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As MultiChoice produces Big Brother Naija in South Africa: Filmmakers count losses, dearth of infrastucture

By Omiko Awa and Margaret Mwantok   |   19 February 2017   |   3:51 am

Falz with house mates after his performance at the eviction show last Sunday

A few weeks back, Nigerians, especially those who have been following the Big Brother Naija (BBN), MultiChoice’s reality TV show, were shocked to learn that Season 2 of the show, which began broadcasting from January 22, was being produced and broadcast from South Africa for its Nigerian audience.

Temper grew high, as many, including seasoned professionals in filmmaking and show business, noted that the job could perfectly have been handled in Nigeria. Some stakeholders in the movie industry even called for the head of the man at the supervisory agency, Nigerian Broadcasting Commission, who granted the permission, saying such act was a big blow to Nigeria’s pride and identity, apart from being a rip-off on the economy.

While the hue and cry continued, the Minister of Information and Culture, Lai Mohammed, was called upon to look into the issue and check the errant company. MultiChoice Nigeria, a Pay-TV service provider behind the Big Brother Naija, the Nigerian version of the reality show, Big Brother Africa, came up with why the company is producing the show in Johannesburg, South Africa.

In a statement, the company said the decision was informed by its desire to deliver the same high quality production its subscribers are accustomed to, adding that it was this commitment that informed the decision to stage the show in the fully-equipped Big Brother House in South Africa.

MultiChoice Nigeria stated that staging the show in a Big Brother facility, that was specially built for such purpose, was not only cost-effective, but also allows the company to maintain the same excellent production values as with the previous editions. It assured that the ongoing Big Brother Naija features Nigerians as housemates, the production staff, as Biggie’s voice and a series director. It equally stated that the musical performances on the show, which runs for 11 weeks, also include some of Nigeria’s biggest and hottest stars.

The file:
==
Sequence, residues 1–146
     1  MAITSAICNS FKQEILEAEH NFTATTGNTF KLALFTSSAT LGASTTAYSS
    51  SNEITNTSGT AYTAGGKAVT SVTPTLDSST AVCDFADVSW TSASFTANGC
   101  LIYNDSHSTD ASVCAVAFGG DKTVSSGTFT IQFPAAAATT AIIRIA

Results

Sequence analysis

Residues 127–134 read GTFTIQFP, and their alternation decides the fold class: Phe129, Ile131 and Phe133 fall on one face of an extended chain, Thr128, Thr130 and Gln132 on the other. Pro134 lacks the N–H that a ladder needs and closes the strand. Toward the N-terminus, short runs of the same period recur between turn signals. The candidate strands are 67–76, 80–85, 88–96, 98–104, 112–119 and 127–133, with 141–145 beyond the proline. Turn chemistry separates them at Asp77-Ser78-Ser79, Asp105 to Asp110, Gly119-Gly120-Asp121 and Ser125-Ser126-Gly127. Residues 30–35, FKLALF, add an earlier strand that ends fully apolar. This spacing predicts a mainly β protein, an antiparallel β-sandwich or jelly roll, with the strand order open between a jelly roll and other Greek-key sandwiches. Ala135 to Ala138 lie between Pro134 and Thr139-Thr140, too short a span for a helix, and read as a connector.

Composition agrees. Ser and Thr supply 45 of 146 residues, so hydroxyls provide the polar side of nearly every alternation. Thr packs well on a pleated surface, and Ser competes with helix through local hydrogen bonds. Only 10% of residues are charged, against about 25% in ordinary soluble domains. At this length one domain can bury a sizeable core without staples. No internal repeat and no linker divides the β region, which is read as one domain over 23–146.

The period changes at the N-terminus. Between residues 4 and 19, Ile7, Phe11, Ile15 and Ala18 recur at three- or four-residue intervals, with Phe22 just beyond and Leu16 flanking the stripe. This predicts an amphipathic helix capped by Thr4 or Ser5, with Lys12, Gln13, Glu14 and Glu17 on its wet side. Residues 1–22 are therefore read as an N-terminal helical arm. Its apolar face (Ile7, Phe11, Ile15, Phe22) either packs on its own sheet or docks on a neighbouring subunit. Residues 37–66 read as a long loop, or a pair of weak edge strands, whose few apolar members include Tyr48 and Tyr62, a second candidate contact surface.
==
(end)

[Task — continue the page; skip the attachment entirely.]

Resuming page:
While speaking on this issue, filmmaker and president, Association of Movie Producers (AMP), Mr. Ralph Nwadike, said the shooting and broadcasting of the reality show from South Africa is a shame on all Nigerians and not just filmmakers alone. According to him, it is a slap on the faces of Nigerian leaders and it should not be allowed to continue.

“When, indeed, did South Africa get her independence? Was it not in 1994? I remember back in the days when I was a student at Obafemi Awolowo University, Ile-Ife, and some of the students who came from South Africa were more at our mercies. They were all looking unto us, thanking us on a daily basis for trying to bail them out of their political situation, as it were. They were thanking us for giving them a new lease of life, but today South Africans are claiming that, technically, Nigerians are not good enough.

“Unfortunately, they did not say, ‘Ralph Nwadike is not good enough.’ They are saying Nigerians are not good enough. We should ask the leadership of this country why we allowed ourselves to go down this low? Why should Nigeria, with the first television station in tropical Africa in 1959, be lagging behind?”

While commenting on how, in spite of the dearth of infrastructure and poor funding, Nigerian productions have been rated high within and outside the country, the AMP boss said, “No matter the monies and equipment they think they have, South Africa, in terms of production qualities and values, can never match up to Nigeria’s standard.

“They have the money to throw around because their banks believe in them. Unfortunately, our local banks do not believe in the Nigerian enterprise. They do not believe even in our filmmaking industry. They say our business is amorphous. They do not even understand what we are doing, but the banks will give money to people with briefcases because they are in oil and gas. Entertainment sector is denied funds to make it grow.

“In fact, Nollywood is where the banks should put their monies because entertainment is the new world order; that is where the world is drifting to. Just between October and November 2016, Nigerian films made over N1 billion at cinemas alone, aside the DVD. This simply means that if the sector were well invested in, it would make more money.